The enforcement of strict rules ‘tier one’ regulators has given new strength to offshore brokers but institutional liquidity provisions remain planted. Andrew Wood, Business Development Manager at CMC Institutional in Sydney shared his view on the onshore/offshore debate and what may lay ahead.
There is deep a natural assumption that onshore is the more expensive option, which makes it the less efficient way of doing business. The idea that regulations will constrict what the liquidity provider can offer and cause a broker’s costs to go up prevails, but the reality is much more complicated than that.
Andrew Wood noted: "The new regulatory constraints which have emerged have been targeted at protecting retail traders. So, whilst this may impact the trader with leverage limits or restrictions over what assets they can access, and the broker who has to offer components such as negative balance protection, this simply isn’t a consideration for those broker to broker, institutional relationships.
Furthermore, if your counterparty is being scrutinised by a tier one regulator, this immediately provides an added level of security over the proper functioning of the business. Better still if this is a listed company, that means audited accounts are also freely available, whilst a transparent, weighty balance sheet sits behind it all, too."
With this confidence, the necessary critical mass of volume begins build for the counterparty to be a genuine liquidity maker and not just a recycler. Other big institutions are going to show interest in that liquidity, the well capitalised counterparties have better access to the underlying market and – as is the case with CMC Markets – there’s also a significant internal order book to provide further benefits. That also means more consistent pricing and potentially better depth than can be found in the traditional underlying market.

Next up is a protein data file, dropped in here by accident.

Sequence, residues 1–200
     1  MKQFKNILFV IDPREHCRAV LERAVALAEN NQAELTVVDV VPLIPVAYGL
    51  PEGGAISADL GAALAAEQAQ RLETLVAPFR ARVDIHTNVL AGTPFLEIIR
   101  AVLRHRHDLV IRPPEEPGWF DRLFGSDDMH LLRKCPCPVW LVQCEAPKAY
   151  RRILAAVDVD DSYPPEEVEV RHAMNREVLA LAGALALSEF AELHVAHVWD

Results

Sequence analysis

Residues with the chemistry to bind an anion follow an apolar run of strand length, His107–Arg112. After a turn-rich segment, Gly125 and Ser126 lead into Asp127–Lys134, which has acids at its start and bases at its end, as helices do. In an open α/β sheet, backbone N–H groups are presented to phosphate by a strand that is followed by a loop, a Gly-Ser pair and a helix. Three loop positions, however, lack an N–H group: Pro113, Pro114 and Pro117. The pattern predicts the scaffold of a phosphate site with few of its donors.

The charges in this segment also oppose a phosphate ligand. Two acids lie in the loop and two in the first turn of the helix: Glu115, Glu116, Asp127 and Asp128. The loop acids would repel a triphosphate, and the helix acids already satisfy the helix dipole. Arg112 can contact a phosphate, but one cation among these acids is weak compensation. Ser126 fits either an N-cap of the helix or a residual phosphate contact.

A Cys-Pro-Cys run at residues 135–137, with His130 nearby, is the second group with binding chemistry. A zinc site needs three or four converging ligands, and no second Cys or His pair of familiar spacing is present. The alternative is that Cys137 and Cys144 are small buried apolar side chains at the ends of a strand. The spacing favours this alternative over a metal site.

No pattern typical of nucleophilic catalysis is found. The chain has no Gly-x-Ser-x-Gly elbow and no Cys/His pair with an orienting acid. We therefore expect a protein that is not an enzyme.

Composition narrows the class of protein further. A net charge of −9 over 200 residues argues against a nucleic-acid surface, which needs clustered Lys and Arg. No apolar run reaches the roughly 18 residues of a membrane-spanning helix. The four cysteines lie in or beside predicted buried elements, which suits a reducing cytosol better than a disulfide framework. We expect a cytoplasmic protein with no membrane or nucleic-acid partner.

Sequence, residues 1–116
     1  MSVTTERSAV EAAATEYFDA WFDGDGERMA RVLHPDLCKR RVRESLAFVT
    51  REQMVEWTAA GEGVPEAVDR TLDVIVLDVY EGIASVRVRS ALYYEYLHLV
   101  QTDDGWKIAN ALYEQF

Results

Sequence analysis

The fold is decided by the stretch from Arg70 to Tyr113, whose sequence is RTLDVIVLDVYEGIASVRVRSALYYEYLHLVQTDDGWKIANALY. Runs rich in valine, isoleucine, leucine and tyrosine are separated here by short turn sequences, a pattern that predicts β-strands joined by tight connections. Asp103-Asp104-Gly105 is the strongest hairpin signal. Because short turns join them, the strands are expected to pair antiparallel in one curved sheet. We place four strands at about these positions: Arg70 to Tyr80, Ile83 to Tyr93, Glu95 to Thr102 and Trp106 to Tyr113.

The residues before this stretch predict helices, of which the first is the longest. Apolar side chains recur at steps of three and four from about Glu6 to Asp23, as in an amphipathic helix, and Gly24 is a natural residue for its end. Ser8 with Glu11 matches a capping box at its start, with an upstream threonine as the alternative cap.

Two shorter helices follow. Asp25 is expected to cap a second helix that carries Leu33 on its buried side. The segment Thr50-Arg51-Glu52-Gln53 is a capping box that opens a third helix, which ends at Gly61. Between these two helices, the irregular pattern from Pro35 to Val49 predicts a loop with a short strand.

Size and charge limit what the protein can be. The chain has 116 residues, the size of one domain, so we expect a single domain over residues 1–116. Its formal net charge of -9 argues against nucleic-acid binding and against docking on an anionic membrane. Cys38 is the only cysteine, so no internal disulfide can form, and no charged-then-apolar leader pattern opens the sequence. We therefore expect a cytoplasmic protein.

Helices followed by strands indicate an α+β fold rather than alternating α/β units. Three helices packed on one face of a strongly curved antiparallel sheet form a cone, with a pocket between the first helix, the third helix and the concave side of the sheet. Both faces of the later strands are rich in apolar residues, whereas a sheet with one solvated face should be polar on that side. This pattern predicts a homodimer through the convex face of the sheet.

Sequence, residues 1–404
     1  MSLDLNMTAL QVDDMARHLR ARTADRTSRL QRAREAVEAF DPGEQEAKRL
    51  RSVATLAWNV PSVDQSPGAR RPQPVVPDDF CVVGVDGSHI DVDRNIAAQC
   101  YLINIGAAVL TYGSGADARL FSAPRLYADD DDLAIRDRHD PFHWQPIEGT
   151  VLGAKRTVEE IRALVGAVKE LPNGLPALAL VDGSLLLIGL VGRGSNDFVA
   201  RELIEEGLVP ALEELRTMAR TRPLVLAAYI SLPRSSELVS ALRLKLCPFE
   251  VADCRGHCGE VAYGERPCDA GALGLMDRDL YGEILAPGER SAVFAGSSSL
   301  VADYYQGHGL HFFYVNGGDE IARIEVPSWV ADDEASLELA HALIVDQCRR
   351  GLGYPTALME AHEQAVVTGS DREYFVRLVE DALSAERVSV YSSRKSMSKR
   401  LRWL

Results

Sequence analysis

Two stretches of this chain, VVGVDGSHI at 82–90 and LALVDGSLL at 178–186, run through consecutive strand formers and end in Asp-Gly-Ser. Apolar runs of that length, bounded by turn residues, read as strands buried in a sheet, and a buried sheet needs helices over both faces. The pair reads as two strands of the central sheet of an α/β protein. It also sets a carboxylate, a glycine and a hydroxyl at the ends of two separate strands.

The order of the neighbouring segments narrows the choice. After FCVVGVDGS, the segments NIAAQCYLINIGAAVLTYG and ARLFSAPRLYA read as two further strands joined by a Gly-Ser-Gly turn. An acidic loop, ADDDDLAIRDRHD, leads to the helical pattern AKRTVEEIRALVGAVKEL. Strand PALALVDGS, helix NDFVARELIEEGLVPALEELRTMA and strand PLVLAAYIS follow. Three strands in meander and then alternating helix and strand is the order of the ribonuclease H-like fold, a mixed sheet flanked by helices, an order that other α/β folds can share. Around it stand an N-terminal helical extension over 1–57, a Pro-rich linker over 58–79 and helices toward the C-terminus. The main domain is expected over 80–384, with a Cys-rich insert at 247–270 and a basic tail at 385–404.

The price consistency aspect is becoming even more important. Market participants have a growing interest in transaction cost analysis, with access to increasingly powerful tools to help monitor this. Brokers now expect liquidity providers to consistently fill orders at pre-agreed prices and any slippage will be detected quickly enough. This was observed when market volatility took off in March 2020, the bigger players with the higher degrees of connectivity were more likely to deliver in fast moving markets. And when the possibility of an outright dislocation in gold markets briefly loomed, CMC Markets was one of the few who were able to continue to offer two-way pricing throughout, due to their own book, access to futures prices and spot feeds coming in from other participants.
Andrew Wood continued:
"Companies like CMC Markets have no challenge making or receiving payments from any bank, meaning funds can be transferred both easily and quickly, whether that’s for initial deposits, making payments or when topping up margins – something where speed can be critical."
CMC Markets has been working on its expansion of its institutional offering in recent years. Counterparties have shown enthusiasm to work with the company, given the business is publicly held and operates under multiple regulators including Australia’s ASIC, the UK’s FCA, Germany’s BaFin and the Monetary Authority of Singapore. Internal flow has also shown itself to be a great draw, whether it’s for the range of instruments on offer – almost 10,000 – or indeed the ability to provide better market depth. The provision of the retail stockbroking service for ANZ is also significant, especially in the APAC market, in terms of reinforcing the company’s credentials.
Andrew Wood concluded:
"In short, there may be a growing number of reasons why those brokers catering to the retail trader may want to move offshore and indeed CMC Markets supplies many of them with liquidity via our API connection. However, the non-bank liquidity providers themselves have little incentive to operate outside of tier one jurisdictions and it seems they will always find resistance from many when they attempt to do this. Whether that’s attempting to establish and grow upstream relationships with Tier One banks or looking down the line at brokers who will turn to them for liquidity, it seems clear that onshore still wins every time."